A simple technique for improving proposal storytelling, messages, themes, and positioning

All the cool cats know that the best proposals tell a story. But no one can really explain how to do that, let alone actually consistently achieve it when working with a group of proposal contributors who aren't specialists. Usually they just emphasize that your proposal should have a message. But what message and how do you construct it and put it in writing? So the next thing they try is proposal themes. But while everyone says they know what themes are, everyone defines them differently. And being able to define them doesn't tell you how to construct them. Sometimes proposal managers put a placeholder for a theme statement at the top of each section because they doubt their proposal contributors will write thematically, but hope they can get at least one good positioning sentence out of them.

People working on the proposal just want to know what to write, what words to put on paper. Most of the time they give up and just try to make positive sounding points. They don’t realize that approach is not competitive and just assume that if they stack up enough positives, they have a shot at winning. Unfortunately, the customer needs more than just positive sounding points to make their decision.

Fortunately there is something that’s easier to understand than stories, messages, or even themes.

One of the key questions a customer has when evaluating a proposal is, “What makes this proposal different from all the others?” They want to know, “What makes it best?” You don’t get there by stacking up positives when your competitors are stacking up the same positives. You win by:

See also:
Makin proposals simple
  1. Being different
  2. Explaining why those differences matter
  3. Showing the customer what they will get out of them

If you skip all that storytelling and messaging stuff and just focus on having differentiators in every section, every paragraph, and even every sentence, the strengths in your proposal will be clear. Why the customer should select you will be clear. But the best part is that without doing anything special, your story and messages can emerge on their own.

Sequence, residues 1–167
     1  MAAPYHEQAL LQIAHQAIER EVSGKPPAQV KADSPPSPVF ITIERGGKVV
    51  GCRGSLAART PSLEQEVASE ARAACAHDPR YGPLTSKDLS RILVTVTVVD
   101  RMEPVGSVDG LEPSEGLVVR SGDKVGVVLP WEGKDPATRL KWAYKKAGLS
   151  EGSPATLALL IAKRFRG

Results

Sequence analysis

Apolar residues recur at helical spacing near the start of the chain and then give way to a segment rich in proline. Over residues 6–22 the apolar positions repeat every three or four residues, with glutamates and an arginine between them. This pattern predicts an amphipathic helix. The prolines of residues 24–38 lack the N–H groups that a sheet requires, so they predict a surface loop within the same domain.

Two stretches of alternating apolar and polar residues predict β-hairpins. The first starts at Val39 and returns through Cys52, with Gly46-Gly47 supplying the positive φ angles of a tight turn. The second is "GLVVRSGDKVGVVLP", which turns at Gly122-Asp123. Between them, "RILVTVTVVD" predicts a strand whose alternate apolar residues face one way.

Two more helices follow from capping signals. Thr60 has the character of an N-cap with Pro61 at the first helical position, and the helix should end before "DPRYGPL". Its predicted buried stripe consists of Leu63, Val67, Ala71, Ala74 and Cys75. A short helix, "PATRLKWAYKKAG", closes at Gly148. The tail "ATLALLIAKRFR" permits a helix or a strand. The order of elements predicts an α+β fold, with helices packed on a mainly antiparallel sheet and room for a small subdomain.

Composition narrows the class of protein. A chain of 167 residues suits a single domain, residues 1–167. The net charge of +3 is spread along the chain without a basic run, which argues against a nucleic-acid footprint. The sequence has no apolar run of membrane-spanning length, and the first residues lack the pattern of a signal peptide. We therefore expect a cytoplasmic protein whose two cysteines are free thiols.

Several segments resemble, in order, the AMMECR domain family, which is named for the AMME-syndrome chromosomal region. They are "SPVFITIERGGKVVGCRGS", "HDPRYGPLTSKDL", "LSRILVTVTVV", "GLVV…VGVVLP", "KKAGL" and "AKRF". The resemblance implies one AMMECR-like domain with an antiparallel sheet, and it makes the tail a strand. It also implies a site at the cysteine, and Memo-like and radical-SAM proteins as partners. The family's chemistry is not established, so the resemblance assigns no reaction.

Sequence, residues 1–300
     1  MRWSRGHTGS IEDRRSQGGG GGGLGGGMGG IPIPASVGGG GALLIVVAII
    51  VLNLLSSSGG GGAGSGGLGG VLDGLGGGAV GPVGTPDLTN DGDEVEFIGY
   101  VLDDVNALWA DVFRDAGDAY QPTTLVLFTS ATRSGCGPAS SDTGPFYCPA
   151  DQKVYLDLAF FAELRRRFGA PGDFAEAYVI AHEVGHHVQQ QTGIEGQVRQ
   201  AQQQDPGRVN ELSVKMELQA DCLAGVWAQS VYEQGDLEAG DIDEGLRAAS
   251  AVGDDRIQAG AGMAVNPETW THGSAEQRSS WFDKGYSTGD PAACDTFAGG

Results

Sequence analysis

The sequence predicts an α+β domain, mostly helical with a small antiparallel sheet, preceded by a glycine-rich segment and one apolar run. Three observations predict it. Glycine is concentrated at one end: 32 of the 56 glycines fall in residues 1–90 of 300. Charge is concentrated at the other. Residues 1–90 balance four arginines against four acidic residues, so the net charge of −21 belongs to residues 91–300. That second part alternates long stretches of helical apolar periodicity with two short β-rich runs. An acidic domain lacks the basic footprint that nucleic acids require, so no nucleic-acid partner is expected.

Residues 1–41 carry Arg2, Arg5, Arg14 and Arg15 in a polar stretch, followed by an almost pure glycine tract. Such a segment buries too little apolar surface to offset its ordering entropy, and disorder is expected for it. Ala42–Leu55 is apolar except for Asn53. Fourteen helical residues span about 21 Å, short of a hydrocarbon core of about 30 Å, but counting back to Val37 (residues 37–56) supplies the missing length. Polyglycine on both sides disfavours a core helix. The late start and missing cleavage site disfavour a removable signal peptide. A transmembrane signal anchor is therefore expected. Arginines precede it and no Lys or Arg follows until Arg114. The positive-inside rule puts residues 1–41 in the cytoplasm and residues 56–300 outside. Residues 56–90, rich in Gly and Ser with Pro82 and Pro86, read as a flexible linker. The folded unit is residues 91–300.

It happens because your proposal story should be about what makes you special, why that matters, and how the customer will benefit from it. When you focus on what differentiates your offering, even without thinking about your story, you complete the elements necessary to have one. It takes a lot of training to get your technical proposal contributors to be able to understand proposal storytelling and know what words to put on paper to make it happen. It takes little or no training to get them to understand differentiators.

There is one big challenge when trying to implement extensive differentiation. Actually, it just seems like a big challenge. Really all that is needed is a little creativity. Sometimes it seems hard to find ways in which your offering is different. Sometimes that’s because the RFP says exactly what the customer wants you to do, so you assume that every proposal will contain the same approaches. Sometimes it’s because there are standard ways of doing things in your industry. Sometimes it’s because you are afraid of anything that might increase the cost of your offering.

However, you can always find differentiators, if you know where to look. It may be that instead of differentiating what you offer, you need to differentiate how you design, create, or deliver it. Even when everything else is exactly the same, you can differentiate by focusing on what you think matters, or on how what you offer better aligns with the customer’s goals. If you explain what the customer will get out of your offering, and your competitors don’t, that alone can be enough of a differentiator to increase the perceived value in what you offer.

When proposal contributors learn that if they can’t differentiate on the specs, they can instead differentiate on what matters about them and what the customer will get out of your approach to fulfilling them, they start writing proposal text that positions your company as offering something better. That is how the message can emerge, without anyone even focusing on it.

If you really want to drive your message home, start discussing your differentiators before you start writing. Bring consistency and harmony to your differentiators across the proposal, by standardizing them so that everyone talks about the same or similar differences, why they matter, and what the customer will get out of them.

If you are able to train your technical proposal contributors to become gifted storytellers, that’s great. But if you are like most people, and struggle to get what you need out of those contributing to the proposal, instead of confusing them with all that talk about storytelling, messages, positioning, and themes, try just focusing on differentiators.


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Carl Dickson

Carl is the Founder and President of CapturePlanning.com and PropLIBRARY

Carl is an expert at winning in writing. The materials he has published have helped millions of people develop business and write better proposals. Carl is also a prolific author, frequent speaker, trainer, and consultant and can be reached at carl.dickson@captureplanning.com. To find out more about him, you can also connect with Carl on LinkedIn.

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